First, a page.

Where OpenCV focuses on comprehensiveness and customizability, SimpleCV focuses on making computer vision easy. The learning curve is much smaller to the point where getting images from a camera is as simple as initializing a camera (using Camera()) and getting its image (using Camera.getImage()). This Python AI library is a stellar choice for developers focused on common computer vision applications as opposed to highly customized solutions.

Expert Systems

Want the advice of an expert? You can ask one (for a price) or you can get a machine to think like an expert for you. As their name suggests, expert systems aim to model an expert’s reasoning process using a knowledge base (heaped with relevant data), an inference engine (to reason based on the data), and an explanation interface (to communicate its reasoning to the user).
So experts such as doctors and engineers can diagnose the type and degree of lung cancer in patients (PXDES) or construct computer systems based on user preferences (R1/XCON). 


PyCLIPS provides an inference engine to Python applications. It provides a rules-based engine as binary modules inside the library that are accessed using classes and functions. The engine itself stays “alive” in a separate memory space to the Python space, so inferences and rules are persisted as your program grows in functionality.


Also inspired by CLIPS, Experta is a rule engine that pairs a set of facts with a set of rules based on those facts. Then, actions are executed based on these rules. All facts and rules are held by the implemented knowledge engine which determines the expert output of the system when it is called.

Robotics and Autonomous Vehicles

Most artificial intelligence is usually applied to software, not hardware. With robotics, AI meets the physical world through a plethora of different sensors modeling the human senses. From cameras to model sight and radar to model physical touch, AI algorithms must interpret the data from these sensors to allow a machine to function safely and effectively.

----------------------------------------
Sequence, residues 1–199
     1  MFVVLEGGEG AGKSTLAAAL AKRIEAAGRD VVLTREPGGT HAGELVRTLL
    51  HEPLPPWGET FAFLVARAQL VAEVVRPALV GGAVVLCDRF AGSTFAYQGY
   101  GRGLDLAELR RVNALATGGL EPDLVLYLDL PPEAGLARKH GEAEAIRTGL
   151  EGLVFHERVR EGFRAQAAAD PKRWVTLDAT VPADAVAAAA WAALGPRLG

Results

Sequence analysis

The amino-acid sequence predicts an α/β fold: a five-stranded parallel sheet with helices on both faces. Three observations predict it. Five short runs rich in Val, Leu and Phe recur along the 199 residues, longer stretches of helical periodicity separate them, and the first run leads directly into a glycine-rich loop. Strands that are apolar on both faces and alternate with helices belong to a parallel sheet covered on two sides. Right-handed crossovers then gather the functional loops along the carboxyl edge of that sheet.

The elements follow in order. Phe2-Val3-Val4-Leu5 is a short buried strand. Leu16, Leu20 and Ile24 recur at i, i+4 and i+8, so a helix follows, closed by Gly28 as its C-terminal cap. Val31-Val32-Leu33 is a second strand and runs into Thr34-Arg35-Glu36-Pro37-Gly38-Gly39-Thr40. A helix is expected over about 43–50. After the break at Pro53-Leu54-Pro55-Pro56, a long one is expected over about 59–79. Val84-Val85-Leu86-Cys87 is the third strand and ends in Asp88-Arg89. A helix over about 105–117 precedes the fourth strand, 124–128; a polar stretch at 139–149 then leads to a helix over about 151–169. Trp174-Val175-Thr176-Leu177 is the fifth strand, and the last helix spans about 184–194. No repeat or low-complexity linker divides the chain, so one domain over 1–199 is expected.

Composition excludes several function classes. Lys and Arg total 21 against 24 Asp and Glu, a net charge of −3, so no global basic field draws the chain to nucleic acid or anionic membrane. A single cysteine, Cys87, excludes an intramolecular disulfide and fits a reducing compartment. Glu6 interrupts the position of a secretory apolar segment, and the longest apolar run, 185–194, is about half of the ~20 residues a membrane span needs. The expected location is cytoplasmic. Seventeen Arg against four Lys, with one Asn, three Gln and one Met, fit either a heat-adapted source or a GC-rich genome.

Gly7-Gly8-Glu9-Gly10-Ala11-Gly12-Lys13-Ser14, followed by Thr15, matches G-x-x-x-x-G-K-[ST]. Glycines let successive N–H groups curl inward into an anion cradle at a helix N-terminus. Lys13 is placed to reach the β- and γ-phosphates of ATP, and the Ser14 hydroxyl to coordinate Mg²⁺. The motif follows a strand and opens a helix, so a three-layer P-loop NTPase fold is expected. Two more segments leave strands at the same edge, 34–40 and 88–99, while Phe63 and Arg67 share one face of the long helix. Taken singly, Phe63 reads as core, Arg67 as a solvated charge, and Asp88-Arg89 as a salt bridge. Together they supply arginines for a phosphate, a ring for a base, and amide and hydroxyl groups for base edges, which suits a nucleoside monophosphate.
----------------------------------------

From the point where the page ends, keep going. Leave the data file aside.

AirSim is a Unity/Unreal Engine based simulator built by Microsoft. While it’s not a Python AI library itself, AirSim allows developers to test and experiment with autonomous vehicle algorithms without actually needing to possess the physical hardware for it. It uses APIs to hook into your code so it remains language independent. In this way, it provides a sandbox for you to play around with autonomous vehicles without the costs and safety issues you’d need to overcome in the real, physical world.


Where AirSim can cater to a wide variety of autonomous vehicles (such as cars and drones), Carla caters specifically to autonomous driving research. It has more driver-specific features like flexible vehicle sensors, environmental conditions as well as a wide variety of buildings and vehicles already implemented.


Bullet provides a physics sandbox where robotics/virtual reality can be created and tested. This allows the development of capital-intense development tasks like collision detection, locomotion skills and reinforcement learning (which requires a lot of failure) to be conducted in a harmless simulation scenario.